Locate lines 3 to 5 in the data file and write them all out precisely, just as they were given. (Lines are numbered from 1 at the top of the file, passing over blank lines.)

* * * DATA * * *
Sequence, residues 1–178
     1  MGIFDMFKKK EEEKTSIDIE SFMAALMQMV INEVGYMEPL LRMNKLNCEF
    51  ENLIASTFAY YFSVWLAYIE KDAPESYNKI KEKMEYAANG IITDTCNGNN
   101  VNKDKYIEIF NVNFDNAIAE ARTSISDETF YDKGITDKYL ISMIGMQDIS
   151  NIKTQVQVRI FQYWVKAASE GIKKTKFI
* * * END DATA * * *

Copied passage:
    51  ENLIASTFAY YFSVWLAYIE KDAPESYNKI KEKMEYAANG IITDTCNGNN
   101  VNKDKYIEIF NVNFDNAIAE ARTSISDETF YDKGITDKYL ISMIGMQDIS
   151  NIKTQVQVRI FQYWVKAASE GIKKTKFI